U.S. Intellectual History Blog

Lauren’s Light Listening–pre-Thanksgiving show

For your Thanksgiving holiday, some radio pieces on the origin of ideas, the writing of history, and the origin of Thanksgiving as a holiday:

The origin of ideas–an individual or a system? From Radio Lab’s Patient Zero episode

We’re left wondering, what would happen if you were to treat a good idea like an infectious disease? Could you trace it back to one individual, and one flash of insight? Jon Mooallem tells us about his quest to track down the origin of the high five–a story that starts with one of the most celebratory gestures imaginable … and ends with a choice that pits a happy ending against a more complicated reality. Lutha Davis, Greg Harrell-Edge, Nolan Smith, and Kathy Gregory all weigh in with competing explanations. And Tim Hemmes and Katie Schaffer tell a moving story about the power of their very own first high five.
All this leaves us with an inevitable, but unsettling question. A question that Jonnie Hughes helps answer with a broadminded look at the history of the cowboy hat.

Julian Barnes on Writing History from Kurt Andersen and Studio 360.

Last month Julian Barnes received the prestigious Man Booker Prize for his novel The Sense of an Ending. It’s about a middle-aged man who must reconsider events from his youth upon the death of a childhood friend. When he discovers a past that clashes with his memories, he must reconceive both his history and identity. At 163 pages, the book has been recognized for its compact simplicity, intensity, and depth.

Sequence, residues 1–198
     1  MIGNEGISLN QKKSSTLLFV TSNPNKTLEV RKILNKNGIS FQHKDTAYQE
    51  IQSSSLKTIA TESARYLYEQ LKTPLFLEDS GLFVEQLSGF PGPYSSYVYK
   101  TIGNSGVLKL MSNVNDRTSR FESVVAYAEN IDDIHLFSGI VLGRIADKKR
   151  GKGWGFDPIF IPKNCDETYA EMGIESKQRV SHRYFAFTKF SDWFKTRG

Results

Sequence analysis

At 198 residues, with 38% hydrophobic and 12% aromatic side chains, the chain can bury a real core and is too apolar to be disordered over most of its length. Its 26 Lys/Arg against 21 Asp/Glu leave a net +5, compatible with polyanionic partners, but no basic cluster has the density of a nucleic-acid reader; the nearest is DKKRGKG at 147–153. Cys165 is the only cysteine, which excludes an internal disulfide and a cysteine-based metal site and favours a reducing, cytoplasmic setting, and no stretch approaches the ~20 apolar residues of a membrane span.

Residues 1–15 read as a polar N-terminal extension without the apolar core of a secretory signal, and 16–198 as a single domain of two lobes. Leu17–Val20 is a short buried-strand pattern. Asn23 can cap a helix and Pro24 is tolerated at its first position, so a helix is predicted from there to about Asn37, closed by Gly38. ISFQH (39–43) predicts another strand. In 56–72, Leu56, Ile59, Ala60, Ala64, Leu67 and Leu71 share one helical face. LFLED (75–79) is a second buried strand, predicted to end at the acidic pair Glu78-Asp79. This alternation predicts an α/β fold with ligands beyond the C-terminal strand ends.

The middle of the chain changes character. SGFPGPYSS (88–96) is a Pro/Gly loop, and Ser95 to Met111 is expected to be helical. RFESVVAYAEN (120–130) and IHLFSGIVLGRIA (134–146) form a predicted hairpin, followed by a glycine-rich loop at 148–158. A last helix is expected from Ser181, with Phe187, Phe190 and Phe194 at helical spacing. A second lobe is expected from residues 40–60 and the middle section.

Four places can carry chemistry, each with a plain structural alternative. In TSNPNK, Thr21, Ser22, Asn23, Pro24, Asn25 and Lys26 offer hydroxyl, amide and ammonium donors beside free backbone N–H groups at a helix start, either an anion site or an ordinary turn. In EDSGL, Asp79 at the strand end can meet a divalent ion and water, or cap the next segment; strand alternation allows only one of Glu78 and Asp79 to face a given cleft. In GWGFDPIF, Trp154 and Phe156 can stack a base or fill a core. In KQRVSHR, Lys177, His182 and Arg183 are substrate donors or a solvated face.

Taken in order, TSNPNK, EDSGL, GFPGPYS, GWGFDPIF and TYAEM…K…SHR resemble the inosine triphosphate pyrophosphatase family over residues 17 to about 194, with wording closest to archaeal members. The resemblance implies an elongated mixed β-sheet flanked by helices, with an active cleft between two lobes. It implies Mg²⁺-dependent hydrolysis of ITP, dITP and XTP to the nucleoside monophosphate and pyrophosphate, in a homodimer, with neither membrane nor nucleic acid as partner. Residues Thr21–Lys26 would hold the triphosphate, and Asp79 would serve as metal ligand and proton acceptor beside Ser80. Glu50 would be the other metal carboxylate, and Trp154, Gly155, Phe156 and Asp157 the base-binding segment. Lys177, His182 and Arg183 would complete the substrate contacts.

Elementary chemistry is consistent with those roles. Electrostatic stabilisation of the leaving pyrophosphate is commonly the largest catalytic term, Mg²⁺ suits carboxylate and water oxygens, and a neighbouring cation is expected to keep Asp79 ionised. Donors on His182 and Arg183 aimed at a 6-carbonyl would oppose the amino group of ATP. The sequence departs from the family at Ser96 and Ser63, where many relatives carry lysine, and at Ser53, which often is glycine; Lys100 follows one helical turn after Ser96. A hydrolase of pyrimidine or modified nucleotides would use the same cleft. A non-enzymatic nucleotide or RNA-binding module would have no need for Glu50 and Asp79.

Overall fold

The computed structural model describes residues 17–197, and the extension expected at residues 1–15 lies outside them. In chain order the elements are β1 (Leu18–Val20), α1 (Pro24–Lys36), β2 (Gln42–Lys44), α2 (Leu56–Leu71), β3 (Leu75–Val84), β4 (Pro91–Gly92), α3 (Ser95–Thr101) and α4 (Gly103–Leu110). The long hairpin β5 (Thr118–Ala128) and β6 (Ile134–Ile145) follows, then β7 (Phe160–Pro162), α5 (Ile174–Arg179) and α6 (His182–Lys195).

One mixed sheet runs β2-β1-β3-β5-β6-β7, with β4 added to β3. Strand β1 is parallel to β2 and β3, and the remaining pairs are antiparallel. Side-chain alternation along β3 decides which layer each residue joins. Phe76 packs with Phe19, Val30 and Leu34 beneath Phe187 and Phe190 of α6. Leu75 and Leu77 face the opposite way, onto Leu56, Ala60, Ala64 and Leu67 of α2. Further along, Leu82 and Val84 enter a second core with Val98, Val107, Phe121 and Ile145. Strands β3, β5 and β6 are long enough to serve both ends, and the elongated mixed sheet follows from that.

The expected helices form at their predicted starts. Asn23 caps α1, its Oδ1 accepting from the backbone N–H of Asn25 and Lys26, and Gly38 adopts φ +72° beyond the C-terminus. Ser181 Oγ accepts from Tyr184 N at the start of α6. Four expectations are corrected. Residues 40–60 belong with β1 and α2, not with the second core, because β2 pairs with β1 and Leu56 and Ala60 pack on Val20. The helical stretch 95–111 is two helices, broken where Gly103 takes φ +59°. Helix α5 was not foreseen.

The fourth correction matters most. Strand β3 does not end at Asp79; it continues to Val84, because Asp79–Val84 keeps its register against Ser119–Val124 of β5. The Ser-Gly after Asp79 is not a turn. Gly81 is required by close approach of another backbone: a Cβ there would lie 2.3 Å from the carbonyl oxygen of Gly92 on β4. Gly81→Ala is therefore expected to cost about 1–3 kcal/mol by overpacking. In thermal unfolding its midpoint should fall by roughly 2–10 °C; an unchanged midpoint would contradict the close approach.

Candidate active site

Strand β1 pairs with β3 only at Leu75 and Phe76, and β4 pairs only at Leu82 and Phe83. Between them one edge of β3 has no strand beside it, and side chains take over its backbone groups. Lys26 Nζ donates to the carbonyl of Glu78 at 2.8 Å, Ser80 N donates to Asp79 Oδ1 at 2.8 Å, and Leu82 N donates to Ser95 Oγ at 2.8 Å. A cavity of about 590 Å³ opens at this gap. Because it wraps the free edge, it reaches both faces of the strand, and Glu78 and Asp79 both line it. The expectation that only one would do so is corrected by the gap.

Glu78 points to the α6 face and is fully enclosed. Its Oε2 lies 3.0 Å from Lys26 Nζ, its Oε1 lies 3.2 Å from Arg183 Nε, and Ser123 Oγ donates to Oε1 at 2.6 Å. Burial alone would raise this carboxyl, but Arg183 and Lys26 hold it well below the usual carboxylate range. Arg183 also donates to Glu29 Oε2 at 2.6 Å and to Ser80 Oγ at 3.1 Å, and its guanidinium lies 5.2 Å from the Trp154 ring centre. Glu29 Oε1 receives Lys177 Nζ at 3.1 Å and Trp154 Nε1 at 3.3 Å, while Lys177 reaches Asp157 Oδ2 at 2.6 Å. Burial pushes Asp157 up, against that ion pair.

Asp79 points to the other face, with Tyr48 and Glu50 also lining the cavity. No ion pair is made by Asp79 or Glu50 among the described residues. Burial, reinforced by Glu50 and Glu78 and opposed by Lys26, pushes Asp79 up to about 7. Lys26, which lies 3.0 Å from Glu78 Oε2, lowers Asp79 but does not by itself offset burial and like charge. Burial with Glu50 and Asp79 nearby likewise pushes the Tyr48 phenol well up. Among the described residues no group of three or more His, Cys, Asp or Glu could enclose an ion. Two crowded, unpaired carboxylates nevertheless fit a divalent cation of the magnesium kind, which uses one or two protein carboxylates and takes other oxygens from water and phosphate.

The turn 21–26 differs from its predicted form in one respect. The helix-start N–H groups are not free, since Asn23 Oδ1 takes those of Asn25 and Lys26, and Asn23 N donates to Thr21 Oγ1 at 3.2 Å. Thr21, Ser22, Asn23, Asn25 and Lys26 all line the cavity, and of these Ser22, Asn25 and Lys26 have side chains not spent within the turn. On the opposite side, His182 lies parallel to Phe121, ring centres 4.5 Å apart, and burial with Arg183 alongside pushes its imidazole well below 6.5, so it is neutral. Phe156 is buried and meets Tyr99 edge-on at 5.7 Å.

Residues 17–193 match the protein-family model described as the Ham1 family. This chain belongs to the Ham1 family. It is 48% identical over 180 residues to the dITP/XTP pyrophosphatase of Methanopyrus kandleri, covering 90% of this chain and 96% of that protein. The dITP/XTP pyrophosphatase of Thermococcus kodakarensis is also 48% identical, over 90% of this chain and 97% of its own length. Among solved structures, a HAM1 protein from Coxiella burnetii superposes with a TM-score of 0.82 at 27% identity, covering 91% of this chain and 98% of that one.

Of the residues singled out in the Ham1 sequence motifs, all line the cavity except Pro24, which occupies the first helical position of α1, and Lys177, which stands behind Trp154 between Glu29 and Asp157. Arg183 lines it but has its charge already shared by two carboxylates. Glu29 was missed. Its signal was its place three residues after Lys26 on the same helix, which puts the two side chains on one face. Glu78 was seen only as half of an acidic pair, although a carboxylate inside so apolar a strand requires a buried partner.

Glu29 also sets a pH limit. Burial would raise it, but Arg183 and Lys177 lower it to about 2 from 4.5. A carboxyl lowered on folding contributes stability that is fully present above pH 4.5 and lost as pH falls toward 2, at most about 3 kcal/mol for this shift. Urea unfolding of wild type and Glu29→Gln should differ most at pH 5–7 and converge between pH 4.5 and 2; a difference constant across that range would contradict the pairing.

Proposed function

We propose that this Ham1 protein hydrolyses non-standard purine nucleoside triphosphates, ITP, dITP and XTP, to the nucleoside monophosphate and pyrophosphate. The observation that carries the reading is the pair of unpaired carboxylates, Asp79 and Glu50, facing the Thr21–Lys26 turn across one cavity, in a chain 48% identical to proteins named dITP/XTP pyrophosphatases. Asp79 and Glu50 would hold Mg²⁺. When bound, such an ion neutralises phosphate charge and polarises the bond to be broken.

In 2006, Kurt Andersen interviewed Barnes as part of the National Book Foundation’s “Eat, Drink & Be Literary” series at the Brooklyn Academy of Music. Barnes had just published a very different kind of historical exploration, Arthur & George (also shortlisted for the Booker Prize that year).
Barnes began the event with a reading from Arthur & George, a historical fiction about Sherlock Holmes author Sir Arthur Conan Doyle (2:45-20:45 in the audio below). But in the conversation that followed, he told Kurt, “In a funny way, I don’t consider it a historical novel. I think with a historical novel set at that time you would imagine the reader in a deep-buttoned late-Victorian tub chair by a blazing log-fire. I want the reader to feel that they are sitting in an uncomfortable modern chair with someone’s walkman blaring in their ear.”
Listen to the full 70-minute recording here:

The History Guys analyze Thanksgiving on Backstory

When we sit down to Thanksgiving dinner, we think we know what we’re commemorating. But if an actual Pilgrim were to attend your Thanksgiving, chances are he’d be stunned by what he saw there. In this episode, historian James McWilliams discusses why the Puritans would have turned up their noses at our “traditional” Thanksgiving foods. Religion scholar Anne Blue Wills reveals the Victorian  origins of our modern holiday, and one woman’s campaign to fix it on the national calendar. An archeologist at Colonial Williamsburg explains what garbage has to tell us about early American diets. And legendary NFL quarterback Roger Staubach describes what it was like to spend every turkey day on the football field.